Violence or Humility

Fr Stephen Freeman has written another great post today. (Quite frankly, when does he NOT write a great post.) Please take five minutes to read it.

Part of his post was an outstanding quote by Stanley Hauerwas, theologian and professor at Duke University:

“The Christian community’s openness to new life and our conviction of the sovereignty of God over that life are but two sides of the same conviction. Christians believe that we have the time in this existence to care for new life, especially as such life is dependent and vulnerable, because it is not our task to rule this world or to “make our mark on history.” We can thus take the time to live in history as God’s people who have nothing more important to do than to have and care for children. For it is the Christian claim that knowledge and love of God is fostered by service to the neighbor, especially the most helpless, as in fact that is where we find the kind of Kingdom our God would have us serve.”     A Community of Character

This quote was followed by another:

“So soon as Christians agree to take responsibility for the outcome of history, we have agreed to do violence.”

This thought is worth some serious reflection on both political and personal levels: It is neither the Christian’s nor the Church’s task to rule this world nor make our mark on history. And the moment we shoulder that responsibility, we have agreed to do violence.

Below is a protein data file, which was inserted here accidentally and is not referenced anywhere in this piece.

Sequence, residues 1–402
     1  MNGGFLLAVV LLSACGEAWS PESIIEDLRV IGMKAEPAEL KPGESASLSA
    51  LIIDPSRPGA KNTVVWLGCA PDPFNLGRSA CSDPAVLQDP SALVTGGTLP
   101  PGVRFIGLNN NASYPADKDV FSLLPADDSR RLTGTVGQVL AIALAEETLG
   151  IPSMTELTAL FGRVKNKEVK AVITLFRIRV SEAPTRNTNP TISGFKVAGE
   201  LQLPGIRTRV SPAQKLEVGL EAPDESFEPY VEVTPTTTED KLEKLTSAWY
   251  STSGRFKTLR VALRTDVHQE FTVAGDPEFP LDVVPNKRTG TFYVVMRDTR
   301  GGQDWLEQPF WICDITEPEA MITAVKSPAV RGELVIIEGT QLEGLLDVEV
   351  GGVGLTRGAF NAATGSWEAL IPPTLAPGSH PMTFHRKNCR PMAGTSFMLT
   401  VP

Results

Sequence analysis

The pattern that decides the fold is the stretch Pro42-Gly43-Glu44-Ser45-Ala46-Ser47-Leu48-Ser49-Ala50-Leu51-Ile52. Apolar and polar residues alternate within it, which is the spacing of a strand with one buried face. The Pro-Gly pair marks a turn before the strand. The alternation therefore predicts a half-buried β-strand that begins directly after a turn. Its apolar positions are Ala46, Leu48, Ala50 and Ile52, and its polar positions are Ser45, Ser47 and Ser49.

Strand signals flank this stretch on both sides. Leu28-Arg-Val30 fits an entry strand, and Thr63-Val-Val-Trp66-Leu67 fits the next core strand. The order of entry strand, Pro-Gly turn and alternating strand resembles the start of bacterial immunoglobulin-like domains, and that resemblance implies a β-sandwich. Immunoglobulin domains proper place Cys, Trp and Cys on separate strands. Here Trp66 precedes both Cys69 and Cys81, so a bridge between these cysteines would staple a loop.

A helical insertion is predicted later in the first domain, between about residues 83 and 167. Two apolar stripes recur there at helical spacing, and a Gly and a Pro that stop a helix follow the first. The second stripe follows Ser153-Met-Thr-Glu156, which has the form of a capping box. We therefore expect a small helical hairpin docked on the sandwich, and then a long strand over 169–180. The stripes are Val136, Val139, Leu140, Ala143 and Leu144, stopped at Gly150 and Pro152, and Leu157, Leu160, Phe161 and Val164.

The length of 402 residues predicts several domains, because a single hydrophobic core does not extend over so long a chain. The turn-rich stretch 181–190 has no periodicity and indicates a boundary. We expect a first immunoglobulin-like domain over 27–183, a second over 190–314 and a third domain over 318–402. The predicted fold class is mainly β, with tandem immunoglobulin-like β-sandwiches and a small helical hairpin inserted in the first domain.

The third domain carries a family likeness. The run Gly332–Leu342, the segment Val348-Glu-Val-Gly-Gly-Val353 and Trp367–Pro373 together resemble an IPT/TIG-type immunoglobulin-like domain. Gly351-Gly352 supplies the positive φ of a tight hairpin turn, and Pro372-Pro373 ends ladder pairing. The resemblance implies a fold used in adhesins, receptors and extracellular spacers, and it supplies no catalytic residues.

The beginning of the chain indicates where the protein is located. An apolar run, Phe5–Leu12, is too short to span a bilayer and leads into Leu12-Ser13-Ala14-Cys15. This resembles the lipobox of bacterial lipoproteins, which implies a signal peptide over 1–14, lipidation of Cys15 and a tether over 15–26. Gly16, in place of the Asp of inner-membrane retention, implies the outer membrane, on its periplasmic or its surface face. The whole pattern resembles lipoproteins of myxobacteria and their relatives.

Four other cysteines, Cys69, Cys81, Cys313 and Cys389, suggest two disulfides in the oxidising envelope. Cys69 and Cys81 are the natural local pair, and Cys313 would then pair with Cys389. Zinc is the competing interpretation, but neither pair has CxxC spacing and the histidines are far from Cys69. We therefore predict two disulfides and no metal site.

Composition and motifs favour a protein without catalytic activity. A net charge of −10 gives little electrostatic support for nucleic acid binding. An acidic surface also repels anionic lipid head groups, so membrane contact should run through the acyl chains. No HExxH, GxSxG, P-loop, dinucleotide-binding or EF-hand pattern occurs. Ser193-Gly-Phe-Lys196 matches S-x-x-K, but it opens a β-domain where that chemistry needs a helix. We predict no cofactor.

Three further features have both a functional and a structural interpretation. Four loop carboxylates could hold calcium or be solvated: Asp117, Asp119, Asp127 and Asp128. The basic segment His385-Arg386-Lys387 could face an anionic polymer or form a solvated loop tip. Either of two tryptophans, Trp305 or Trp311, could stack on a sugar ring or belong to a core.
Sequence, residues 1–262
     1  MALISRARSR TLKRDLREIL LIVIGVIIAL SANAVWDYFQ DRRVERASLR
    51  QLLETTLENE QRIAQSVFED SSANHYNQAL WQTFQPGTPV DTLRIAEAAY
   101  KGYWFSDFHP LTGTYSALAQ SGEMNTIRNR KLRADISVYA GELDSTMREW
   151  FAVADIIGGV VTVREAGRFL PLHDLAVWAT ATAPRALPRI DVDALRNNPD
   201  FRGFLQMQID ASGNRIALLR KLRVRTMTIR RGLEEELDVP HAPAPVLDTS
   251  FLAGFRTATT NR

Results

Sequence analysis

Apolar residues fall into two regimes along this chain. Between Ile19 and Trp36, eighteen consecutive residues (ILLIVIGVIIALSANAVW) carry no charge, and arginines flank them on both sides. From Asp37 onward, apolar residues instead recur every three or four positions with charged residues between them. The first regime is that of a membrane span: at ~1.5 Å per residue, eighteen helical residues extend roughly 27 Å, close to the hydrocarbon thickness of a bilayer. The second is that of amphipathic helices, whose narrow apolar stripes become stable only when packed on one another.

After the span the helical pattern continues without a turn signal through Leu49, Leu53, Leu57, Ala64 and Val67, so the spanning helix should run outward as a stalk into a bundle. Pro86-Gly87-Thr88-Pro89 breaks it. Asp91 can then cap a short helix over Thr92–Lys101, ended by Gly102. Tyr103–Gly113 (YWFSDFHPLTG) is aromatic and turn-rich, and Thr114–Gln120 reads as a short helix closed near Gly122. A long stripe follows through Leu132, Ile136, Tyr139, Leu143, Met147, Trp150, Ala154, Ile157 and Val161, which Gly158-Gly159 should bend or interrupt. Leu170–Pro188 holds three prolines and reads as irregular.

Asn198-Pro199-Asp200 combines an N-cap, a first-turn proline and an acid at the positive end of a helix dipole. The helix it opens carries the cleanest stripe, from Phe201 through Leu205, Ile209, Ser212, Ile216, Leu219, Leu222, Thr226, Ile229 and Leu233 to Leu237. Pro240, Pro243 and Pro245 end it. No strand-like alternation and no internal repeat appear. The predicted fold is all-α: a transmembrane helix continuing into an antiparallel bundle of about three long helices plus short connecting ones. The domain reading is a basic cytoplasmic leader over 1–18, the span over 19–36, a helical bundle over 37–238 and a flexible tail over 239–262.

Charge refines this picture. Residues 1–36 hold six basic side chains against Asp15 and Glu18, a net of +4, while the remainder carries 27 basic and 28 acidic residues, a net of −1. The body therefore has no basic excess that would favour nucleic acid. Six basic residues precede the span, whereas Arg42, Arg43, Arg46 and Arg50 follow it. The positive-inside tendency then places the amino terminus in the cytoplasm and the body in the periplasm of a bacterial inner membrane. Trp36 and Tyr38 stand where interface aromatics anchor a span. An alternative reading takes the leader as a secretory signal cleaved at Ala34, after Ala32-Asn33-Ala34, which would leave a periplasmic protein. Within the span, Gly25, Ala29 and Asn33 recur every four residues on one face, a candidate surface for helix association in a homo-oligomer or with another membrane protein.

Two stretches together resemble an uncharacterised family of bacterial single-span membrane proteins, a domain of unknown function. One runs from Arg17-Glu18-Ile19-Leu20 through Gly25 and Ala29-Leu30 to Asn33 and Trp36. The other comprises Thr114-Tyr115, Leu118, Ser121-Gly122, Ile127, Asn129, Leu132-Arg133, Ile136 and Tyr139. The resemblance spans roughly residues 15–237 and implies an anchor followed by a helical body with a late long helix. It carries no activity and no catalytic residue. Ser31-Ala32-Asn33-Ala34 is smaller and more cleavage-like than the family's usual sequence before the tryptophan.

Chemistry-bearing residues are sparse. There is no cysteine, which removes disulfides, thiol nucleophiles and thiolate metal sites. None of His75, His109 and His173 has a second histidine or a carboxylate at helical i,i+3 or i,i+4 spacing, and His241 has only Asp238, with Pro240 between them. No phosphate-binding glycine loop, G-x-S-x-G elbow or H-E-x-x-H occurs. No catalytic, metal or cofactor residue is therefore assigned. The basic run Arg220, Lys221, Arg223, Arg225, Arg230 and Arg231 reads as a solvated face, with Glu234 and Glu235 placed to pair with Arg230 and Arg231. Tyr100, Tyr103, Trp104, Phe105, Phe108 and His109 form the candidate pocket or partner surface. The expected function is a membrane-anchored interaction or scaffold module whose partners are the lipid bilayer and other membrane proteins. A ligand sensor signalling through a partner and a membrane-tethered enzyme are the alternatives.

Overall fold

Now this does not mean we simply huddle in a corner and gnaw on our fingernails with dread and worry. Rather, we are to take up our proper responsibility, marked first by the conviction of God’s sovereignty over life and second by the “downward Way” of humility.

In hindsight, it seems my entire adult Christian life was aimed, although unintentionally, at obscuring the true Gospel. I had one fiery passion. I wanted to change the world. I wanted the Church to change the world. I wanted to build a local church with members who would join its leadership in changing the world. I taught and programmed our church with the intent on helping others change the world. My life had purpose and I had big hairy audacious goals.

And I was a man of violence.

Sure, if you had confronted me with that accusation, I would have denied it. Angrily denied it. I was doing God’s work of bringing his kingdom to earth. So please get the heck out of my way.

And those around me suffered violence. Sure I didn’t physically abuse anyone. But my wife and kids had a husband and father that was constantly absent. And when I was physically present with them, I was usually mentally and emotionally absent as I mulled over ways of improving my leadership and ministry or impatient with them for taking up my valuable time. My volunteer leadership suffered violence as I subtly forced my agenda upon their ministries or downright replaced them when they didn’t live up to my expectations. I mentally categorized people by what they could offer to our church by their strengths, wealth, and gifts. And I suffered violence at my own hands through stress, imbalance and a lack of any inward formation.